Agrarian capitalism in central Mexico : from hacienda to rancho in the state of Queretaro, 1845-1980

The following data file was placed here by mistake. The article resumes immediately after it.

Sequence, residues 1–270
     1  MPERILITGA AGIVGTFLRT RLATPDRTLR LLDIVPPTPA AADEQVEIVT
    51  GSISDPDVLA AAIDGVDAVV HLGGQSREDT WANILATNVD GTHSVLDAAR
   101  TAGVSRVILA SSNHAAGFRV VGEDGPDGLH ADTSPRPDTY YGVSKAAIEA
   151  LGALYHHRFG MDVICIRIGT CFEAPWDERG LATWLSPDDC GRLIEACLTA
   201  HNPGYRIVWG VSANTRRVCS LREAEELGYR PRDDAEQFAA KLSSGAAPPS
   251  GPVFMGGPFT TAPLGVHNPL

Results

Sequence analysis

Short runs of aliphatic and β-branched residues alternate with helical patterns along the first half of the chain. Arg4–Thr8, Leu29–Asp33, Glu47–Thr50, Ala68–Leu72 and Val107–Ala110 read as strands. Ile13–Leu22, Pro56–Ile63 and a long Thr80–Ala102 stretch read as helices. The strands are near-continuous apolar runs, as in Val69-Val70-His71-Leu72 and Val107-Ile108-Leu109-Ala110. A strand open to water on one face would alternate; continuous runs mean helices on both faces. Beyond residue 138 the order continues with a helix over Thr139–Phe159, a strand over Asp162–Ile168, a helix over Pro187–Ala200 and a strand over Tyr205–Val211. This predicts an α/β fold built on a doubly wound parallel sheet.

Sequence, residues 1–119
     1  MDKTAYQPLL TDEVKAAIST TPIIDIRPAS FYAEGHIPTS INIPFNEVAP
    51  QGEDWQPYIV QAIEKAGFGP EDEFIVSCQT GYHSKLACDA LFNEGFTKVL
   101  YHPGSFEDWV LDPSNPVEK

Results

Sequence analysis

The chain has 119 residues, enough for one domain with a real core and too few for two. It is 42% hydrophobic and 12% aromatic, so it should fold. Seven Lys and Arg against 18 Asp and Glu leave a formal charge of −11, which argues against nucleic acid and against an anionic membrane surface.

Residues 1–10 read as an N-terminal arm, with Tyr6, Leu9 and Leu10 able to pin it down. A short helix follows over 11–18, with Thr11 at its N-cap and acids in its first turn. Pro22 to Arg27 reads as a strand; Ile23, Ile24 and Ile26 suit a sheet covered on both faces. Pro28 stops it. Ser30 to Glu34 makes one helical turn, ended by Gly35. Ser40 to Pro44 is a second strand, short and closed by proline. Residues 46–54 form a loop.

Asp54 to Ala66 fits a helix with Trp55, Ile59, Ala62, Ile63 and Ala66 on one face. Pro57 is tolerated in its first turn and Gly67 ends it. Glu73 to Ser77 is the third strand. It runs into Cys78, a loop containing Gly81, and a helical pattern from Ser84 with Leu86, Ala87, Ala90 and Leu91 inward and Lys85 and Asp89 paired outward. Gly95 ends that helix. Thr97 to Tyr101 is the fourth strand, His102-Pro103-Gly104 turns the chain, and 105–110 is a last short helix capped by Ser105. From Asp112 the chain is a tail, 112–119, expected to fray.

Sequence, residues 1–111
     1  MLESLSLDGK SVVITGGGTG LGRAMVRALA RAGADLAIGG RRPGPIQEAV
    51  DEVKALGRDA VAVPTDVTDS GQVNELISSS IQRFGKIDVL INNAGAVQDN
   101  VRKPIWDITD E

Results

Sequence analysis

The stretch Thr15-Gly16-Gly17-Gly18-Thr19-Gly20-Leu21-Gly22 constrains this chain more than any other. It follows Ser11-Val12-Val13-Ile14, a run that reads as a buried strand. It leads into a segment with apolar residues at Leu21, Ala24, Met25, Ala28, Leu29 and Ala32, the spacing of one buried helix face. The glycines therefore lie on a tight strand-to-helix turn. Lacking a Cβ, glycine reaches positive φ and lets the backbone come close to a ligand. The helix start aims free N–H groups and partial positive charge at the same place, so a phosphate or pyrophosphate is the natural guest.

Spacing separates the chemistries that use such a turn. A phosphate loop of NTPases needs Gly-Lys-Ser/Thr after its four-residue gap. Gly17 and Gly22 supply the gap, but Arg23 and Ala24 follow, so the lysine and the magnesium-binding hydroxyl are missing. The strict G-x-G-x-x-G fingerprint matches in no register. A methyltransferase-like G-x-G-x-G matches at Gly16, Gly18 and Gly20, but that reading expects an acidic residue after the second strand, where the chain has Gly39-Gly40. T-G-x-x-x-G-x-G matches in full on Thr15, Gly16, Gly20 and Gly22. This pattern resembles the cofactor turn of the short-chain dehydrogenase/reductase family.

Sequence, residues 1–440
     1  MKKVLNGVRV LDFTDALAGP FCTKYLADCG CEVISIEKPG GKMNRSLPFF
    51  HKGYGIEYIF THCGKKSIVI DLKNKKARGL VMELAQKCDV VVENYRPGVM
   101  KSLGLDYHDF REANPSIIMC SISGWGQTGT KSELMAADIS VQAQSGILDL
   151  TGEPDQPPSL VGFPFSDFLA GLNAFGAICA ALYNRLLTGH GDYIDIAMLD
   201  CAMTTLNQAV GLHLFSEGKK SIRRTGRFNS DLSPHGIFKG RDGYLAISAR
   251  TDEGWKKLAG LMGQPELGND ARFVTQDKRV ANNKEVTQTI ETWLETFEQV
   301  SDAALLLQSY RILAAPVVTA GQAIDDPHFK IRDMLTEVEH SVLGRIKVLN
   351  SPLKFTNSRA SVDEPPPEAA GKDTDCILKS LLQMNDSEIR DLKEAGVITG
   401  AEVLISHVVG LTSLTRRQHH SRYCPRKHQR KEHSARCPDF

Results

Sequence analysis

This thesis takes issue with two commonly held assumptions of Mexican historiography. One, that the cereal-producing hacienda (or 'great estate') of nineteenth-century Central Mexico was backward and serai-feudal. And two, commensurate with the first, that the emergence of an agrarian bourgeoisie in Mexico was delayed until these archaic edifices had been swept away by the Revolution of 1910 and the subsequent agrarian reform of the 1920s and 1930s.Tlie study focuses oh the state of Queretaro and draws on detailed archival material for five haciendas in the area for the period from the 1840s: San Juanico, Juriquilla, San Jose el Alto, Chichimequillas, and Agua Azul. Close analysis is made of the economic structure and profitability of these estates by way of an examination of each of their major products - maize, wheat, chili, and milk. Particular attention is paid to the popular accusation of hacienda inefficiency, and production costs are assessed in the light of comparative material from Europe and U.S.A. In this way the study documents a general trend during the latter half of the nineteenth century towards the establishment of bourgeois production and economic success on the hacienda. These beginnings of agrarian capitalism in Queretaro were then cut short by the outbreak of the Revolution and the subsequent period of uncertainty, and agrarian reform in the 1920s. and 1930s. The second part of the thesis examines the -impact of these events and goes on to chart the revival of the agrarian bourgeoisie in the area over the years from the i9%0s.